Islands

You don’t need special tools to husk and crack a coconut. You can do it with a rock.

I went with my family many years ago on a boat trip to Green Island, off Cairns, but for some reason we had no money. Not for us a café lunch with the other tourists. Instead we set off to walk around the small coral island, just one and a half kilometres, with only a packet of Arnotts wheatmeal biscuits to share.

Green Island postcard from the 1960s, about the time Dad cracked open the coconut queenslandplaces.com.au

There was food lying around, though – coconuts fallen from the palms that ringed the island. My dad, always the boy scout, set about opening one of them with a rock – slicing through the husk, then cracking the shell. Fresh coconut meat for lunch.

Back at the wharf with the other, well-fed tourists we felt the slight smugness of those who choose the more adventurous path.

Years later, I went again to Green Island with my own children. It was 1982, and Hayles Cruises had just begun a fast catamaran service to the island. A cold meat and salad buffet was served on the way.

Joe was not quite six at the time, and all he remembers of the day is not the glass-bottomed boat or the underwater observatory, but that to eat our lunch we were provided with double-bowled plastic cats’ dishes. Catamaran. Get it?

Green Island with a modern tourist catamaran greenislandresort.com.au

Queensland has a long coastline and many islands, spread over more than two thousand kilometres, from Torres Strait to Moreton Bay – rocky islands that are an extension of the mainland, coral islands and sand islands. Coconuts grow as far south as the Great Barrier Reef stretches, to the Bundaberg area. Some were planted on the islands by European expeditioners so there would be food for seafarers marooned there in the future.

Queensland’s islands attract tourists and people looking for an idyllic way of life, artists and academics of various disciplines and the occasional filmmaker and politician. The ageing James Mason and teenaged Helen Mirren starred in the 1969 movie “Age of Consent”, filmed on Dunk Island, off Mission Beach, surely one of the most idyllic islands of them all. It was great for the locals to see one of their own beautiful places on the big screen. Con and I watched it at the Airdome Theatre in Innisfail.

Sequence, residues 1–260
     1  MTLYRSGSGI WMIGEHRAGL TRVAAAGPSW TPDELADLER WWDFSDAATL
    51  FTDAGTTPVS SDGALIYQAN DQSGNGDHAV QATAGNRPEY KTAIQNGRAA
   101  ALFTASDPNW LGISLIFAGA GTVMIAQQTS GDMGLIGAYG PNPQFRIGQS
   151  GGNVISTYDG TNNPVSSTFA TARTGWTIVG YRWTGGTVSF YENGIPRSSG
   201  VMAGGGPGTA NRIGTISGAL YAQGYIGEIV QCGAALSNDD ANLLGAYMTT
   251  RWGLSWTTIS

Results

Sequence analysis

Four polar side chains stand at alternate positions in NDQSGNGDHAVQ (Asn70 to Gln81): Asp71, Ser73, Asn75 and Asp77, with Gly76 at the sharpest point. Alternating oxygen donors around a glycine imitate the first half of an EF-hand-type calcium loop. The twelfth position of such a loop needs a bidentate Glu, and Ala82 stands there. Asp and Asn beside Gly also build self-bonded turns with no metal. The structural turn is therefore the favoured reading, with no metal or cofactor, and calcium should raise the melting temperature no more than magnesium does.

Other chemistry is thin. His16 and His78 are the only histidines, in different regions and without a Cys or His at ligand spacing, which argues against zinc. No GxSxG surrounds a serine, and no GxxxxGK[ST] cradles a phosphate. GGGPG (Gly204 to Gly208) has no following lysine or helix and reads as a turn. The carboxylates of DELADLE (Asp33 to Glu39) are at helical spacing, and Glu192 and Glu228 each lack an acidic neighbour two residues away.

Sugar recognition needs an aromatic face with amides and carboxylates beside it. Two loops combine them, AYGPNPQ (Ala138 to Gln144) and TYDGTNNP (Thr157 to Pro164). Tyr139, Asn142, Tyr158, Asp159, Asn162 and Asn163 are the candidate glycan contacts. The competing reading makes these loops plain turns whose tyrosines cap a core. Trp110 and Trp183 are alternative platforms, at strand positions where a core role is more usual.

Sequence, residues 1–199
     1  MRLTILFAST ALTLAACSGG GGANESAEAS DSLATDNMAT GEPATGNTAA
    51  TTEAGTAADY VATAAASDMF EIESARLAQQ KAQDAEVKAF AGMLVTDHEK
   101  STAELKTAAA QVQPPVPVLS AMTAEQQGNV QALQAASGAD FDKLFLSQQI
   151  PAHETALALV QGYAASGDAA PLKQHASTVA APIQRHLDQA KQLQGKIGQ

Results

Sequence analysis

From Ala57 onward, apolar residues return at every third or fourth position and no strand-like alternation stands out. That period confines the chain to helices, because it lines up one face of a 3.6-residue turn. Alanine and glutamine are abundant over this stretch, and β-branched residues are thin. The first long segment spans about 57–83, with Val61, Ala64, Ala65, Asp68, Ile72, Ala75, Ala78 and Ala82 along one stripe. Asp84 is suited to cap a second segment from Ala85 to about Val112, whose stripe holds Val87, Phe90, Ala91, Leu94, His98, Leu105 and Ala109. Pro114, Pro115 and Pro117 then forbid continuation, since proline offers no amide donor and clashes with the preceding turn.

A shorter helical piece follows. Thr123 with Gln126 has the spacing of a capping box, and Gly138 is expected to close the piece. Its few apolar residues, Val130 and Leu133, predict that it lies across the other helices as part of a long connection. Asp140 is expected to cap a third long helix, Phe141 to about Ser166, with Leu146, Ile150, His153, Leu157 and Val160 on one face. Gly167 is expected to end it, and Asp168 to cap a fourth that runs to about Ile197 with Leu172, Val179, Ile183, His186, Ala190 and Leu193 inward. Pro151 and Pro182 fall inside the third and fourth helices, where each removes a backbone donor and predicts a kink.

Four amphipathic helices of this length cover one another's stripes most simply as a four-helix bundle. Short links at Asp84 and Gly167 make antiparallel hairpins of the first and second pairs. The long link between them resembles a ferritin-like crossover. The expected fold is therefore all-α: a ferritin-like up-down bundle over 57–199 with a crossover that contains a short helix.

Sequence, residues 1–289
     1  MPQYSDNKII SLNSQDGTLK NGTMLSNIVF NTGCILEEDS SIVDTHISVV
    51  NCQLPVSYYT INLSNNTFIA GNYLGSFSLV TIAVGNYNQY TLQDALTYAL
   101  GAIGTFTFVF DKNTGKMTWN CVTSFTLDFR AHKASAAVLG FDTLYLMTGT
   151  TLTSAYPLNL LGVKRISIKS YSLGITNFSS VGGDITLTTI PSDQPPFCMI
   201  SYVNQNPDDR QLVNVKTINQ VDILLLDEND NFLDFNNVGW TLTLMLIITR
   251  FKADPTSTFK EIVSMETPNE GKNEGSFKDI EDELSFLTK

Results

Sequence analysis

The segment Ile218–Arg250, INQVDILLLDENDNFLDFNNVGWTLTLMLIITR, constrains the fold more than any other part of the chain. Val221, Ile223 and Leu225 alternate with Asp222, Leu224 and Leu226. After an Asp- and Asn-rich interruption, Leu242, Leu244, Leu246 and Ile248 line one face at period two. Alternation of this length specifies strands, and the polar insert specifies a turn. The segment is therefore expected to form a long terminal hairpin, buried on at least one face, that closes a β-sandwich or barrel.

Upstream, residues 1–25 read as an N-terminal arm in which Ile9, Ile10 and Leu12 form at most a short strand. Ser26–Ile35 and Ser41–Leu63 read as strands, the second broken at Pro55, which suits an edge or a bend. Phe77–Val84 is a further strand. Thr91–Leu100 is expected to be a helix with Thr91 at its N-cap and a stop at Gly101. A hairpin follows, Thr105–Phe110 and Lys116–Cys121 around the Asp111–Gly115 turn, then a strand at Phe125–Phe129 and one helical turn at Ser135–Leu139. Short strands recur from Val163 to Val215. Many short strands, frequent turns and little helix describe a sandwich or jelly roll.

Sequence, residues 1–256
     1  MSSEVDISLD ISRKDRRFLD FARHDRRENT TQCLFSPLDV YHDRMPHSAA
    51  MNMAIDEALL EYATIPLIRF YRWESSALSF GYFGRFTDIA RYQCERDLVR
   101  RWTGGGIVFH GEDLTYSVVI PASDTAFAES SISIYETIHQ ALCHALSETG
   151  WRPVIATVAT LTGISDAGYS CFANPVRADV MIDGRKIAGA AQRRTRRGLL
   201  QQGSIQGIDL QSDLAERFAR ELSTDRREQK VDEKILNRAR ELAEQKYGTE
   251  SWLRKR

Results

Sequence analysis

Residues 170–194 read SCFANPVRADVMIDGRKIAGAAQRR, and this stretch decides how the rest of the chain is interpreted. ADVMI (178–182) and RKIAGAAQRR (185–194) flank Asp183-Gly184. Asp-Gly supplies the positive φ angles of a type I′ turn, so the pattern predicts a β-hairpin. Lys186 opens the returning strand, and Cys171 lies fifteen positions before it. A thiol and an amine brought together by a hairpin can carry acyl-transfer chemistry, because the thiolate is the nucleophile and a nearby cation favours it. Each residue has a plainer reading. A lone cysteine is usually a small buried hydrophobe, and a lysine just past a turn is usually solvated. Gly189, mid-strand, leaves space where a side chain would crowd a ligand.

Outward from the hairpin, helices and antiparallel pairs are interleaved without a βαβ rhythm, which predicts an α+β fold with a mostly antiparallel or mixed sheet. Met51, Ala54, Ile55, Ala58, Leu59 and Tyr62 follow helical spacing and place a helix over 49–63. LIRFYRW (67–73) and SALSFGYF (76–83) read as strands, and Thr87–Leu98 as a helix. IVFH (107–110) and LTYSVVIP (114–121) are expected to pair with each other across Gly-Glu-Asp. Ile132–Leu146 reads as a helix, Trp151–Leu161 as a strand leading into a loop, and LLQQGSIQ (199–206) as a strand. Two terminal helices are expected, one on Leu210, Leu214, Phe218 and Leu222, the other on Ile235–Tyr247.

“Age of Consent” promotion, 1969 amazon.com

We watched it again last year, and found that our values have changed. The story of a naïve young girl persuaded to take off her clothes to model for the much older artist, and then having an affair with him, seems most unsavoury now.

I first saw Dunk Island (Coonanglebah in the local Indigenous language) from a holiday flat at Mission Beach, a much cheaper option than staying at the island resort. Islands are expensive.

Torres Strait, Australia’s most northerly region, has around 274 islands and coral cays, many uninhabited, with dry and rocky Thursday Island (Waiben to the locals) the administrative centre. There is a story about a group of marine scientists from the United States who went to the Strait to study dugongs. For weeks they went out in boats, searching the seagrass beds for dugongs, and found none. When it was time to leave, they were invited to a local feast. The main course was dugong.

When driving over the Cardwell Range, we often stop at the lookout for one of Queensland’s most spectacular sights: Hinchinbrook Island (Pouandai) – a place of beauty and mystery.

Pouandai (Hinchinbrook Island) seen from the Cardwell Range lookout

Fifty-two uninhabited kilometres of cloud-capped granite mountains, jungle and waterfalls, mangroves and crocodiles and long, long beaches.

Hinchinbrook Island frugalfrolicker.com

Lizzie and I went there on the ferry from Lucinda and walked up the white, sandy beach, sadly littered with plastic bottles and rubbish washed up by the sea, and into the forest to visit beautiful Mulligan Falls for a swim.

Swimming at Mulligan Falls

Hinchinbrook Island used to have a resort. Ruined by financial difficulties, and then by Cyclone Yasi in 2011, it is now derelict, like the lush resort on Dunk Island. If you want to stay on Hinchinbrook, perhaps to hike the rugged Thorsborne Trail, you have to book ahead, and take everything you need on your back.

My kids recall with pleasure a family boat trip around the Whitsunday Islands, off Airlie Beach and Proserpine, during our 1982 trip.

South Molle Island before Cyclone Debbie queenslandplaces.com.au

We called at Hook Island, and then South Molle Island – memorable to the kids because of its magnificent swimming pool.

These islands are a tourism magnet – or they were before Cyclone Debbie arrived. Cyclone Debbie, in January 2017, wiped out the South Molle Resort. It now lies rotting away in the heat, its fine pool derelict.